As the completion of my training approached, I noticed that people began asking me a lot of the same questions.
"Are you going to buy a house?"
"Are you going to buy a new car?"
"Where are you going to travel during your vacation?"
"How are you going to reward yourself for finishing?"
The message being that, now that I'm a "real" doctor, I can (should?) start spending like one. Looking at my Facebook feed over the past few years, it's obvious that many of my classmates have taken that approach since completing residency, as they've posted pictures of giant new homes and fancy cars and trips to exotic locations (usually complete with shopping at designer boutiques and eating in pricy restaurants*).
If you had asked me a year ago, I probably would have told you that my plans for post-training were similar. I was definitely dreaming about owning my own home (which in my mind would miraculously not require any repairs or maintenance), and I could think of many places to which I wanted to travel and restaurants in which I wanted to eat. But then came the unexpected work crisis, followed by the adoption of a budget. While the initial motivation for putting myself on a budget was purely practical (eliminate crippling debt!), sticking to a budget over time (and reading lots of great frugal blogs) has taught me a lot of unexpected things about money and my relationship to it.
Money isn't necessary to have fun (and can sometimes make things less fun):
Prior to the "great budget experiment", I did mostly the same three things for entertainment (eating in restaurants, going to movies, sitting in coffee shops/pubs). While I enjoy all of these things and haven't stopped doing any of them entirely, there was a certain monotony to how I entertained myself. With the introduction of the budget, I had to get creative in order to have fun without spending much (or ideally any) money. Some of the things I've done for fun in the last year include potlucks (brunch, supper, appetizers), volunteering at a music festival (free tickets!), volunteering at a theatre festival (more free tickets!), free walking tours of my city, free movies in a local park, cycling (with a discarded bike that my girlfriend repaired for me), reading library books, attending free lectures at a local bookstore, and going to a snake pit to watch snakes mate (perfect activity for a nerd like me). While all of these free/inexpensive activities were available to me before, having the constraint of a budget made me actually look for them. I've enjoyed the new variety, and I've met a lot of interesting people through volunteering whom I never would've met otherwise.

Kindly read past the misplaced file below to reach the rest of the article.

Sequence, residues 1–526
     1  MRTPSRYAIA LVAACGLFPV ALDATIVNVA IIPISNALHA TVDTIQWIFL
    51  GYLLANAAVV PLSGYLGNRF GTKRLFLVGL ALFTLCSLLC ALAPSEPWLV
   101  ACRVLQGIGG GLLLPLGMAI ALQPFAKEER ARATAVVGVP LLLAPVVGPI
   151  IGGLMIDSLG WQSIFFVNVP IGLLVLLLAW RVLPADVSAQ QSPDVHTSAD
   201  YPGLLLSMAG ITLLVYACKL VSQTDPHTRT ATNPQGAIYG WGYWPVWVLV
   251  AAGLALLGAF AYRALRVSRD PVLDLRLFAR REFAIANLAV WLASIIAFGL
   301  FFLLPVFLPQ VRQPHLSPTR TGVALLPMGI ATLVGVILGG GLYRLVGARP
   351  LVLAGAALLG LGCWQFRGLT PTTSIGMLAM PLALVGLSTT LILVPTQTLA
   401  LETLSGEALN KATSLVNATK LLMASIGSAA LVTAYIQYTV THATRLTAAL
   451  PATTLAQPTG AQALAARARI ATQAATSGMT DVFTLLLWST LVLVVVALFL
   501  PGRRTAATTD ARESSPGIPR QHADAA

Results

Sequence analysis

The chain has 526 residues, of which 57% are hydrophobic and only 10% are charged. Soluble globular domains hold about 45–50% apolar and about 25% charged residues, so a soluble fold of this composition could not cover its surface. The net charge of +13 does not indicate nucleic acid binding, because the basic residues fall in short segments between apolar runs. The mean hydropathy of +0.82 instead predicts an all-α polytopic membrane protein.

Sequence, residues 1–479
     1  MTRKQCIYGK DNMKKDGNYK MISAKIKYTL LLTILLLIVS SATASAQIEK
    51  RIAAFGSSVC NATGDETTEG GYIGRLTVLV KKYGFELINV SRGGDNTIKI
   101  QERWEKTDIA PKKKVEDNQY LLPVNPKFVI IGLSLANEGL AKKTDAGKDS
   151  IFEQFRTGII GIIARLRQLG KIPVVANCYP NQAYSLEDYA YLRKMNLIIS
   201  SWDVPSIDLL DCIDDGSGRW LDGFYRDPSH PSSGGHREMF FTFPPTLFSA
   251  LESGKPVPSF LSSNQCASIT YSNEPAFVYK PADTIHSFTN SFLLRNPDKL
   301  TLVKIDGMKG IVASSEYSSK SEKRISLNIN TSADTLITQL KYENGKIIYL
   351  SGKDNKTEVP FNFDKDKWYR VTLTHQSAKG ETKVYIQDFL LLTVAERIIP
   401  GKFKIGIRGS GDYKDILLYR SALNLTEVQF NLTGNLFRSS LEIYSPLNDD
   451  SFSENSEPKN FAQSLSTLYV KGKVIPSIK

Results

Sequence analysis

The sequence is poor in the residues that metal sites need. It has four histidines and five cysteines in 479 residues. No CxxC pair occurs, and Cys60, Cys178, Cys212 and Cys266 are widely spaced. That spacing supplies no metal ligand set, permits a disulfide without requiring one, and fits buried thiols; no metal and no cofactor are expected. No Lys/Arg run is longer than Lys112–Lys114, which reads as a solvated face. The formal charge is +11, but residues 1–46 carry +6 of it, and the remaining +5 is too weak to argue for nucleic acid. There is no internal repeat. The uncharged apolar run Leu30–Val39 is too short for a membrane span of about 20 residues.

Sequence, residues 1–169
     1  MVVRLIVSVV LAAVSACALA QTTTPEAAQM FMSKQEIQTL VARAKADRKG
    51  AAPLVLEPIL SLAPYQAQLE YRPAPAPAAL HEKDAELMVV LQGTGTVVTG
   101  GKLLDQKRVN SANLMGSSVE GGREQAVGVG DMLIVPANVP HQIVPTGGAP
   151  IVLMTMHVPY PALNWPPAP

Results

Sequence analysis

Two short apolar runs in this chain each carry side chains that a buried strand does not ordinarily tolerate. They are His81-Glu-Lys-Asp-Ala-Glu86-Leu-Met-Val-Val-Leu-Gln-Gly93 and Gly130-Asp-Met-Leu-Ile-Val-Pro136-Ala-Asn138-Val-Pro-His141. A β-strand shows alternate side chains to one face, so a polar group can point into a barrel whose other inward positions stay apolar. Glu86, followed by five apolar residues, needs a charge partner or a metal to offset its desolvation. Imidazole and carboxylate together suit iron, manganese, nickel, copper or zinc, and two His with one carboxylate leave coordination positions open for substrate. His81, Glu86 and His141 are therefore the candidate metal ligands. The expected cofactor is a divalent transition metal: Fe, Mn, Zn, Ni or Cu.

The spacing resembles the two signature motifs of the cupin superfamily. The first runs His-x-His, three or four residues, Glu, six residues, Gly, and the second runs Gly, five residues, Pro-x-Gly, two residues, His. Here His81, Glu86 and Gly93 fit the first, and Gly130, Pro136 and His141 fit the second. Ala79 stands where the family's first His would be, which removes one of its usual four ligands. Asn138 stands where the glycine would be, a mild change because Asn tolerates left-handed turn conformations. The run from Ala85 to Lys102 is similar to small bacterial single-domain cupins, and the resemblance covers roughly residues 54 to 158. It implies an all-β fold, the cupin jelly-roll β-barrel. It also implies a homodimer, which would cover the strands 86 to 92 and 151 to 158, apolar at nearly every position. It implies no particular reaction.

More things make me less happy:
The message is everywhere (tv, magazines, websites) that having more things will make us happier (and more fulfilled/more successful/more desirable). Since starting a budget ten months ago, I've bought almost no things for myself (a bike helmet was probably my largest purchase), and I honestly haven't felt like I'm missing anything. I've also done a major purge of my apartment and gotten rid of about 10 garbage bags worth of stuff, and it feels wonderful to be free of so much clutter. Having fewer things allow me to hang my jacket in the hall closet instead of over the back of a chair, to open cupboards without canned food falling on my head, and to actually find my bloody keys when I go looking for them in the morning. Life is better with less stuff.
It's easy to waste a lot of money:
Pre-budget, I was stopping at Starbucks on most days (sometimes twice), buying all of my lunches at work, and getting takeout whenever I was bored/tired/in a hurry/feeling like celebrating/not interested in the food in my fridge. I was easily spending hundreds of dollars a month on convenience items, all of which was being paid for with credit. I've cut out all of these things pretty much entirely (I still spend $1.70 on tea from Tim Horton's on work days), and I barely even notice.
There are more things that I've learned about money, which will have to wait for another day, as it's time to change out of my sweatpants (yay vacation!) and go pick up my girlfriend.
How have your thoughts/feelings about money changed over the years?
*Okay, I'll admit it: I love eating in pricy restaurants. I will make a major splurge on a celebratory dinner once I get my first paycheque, and I will enjoy every bite and sip of it because it's been so long since I've visited my favourite restaurant.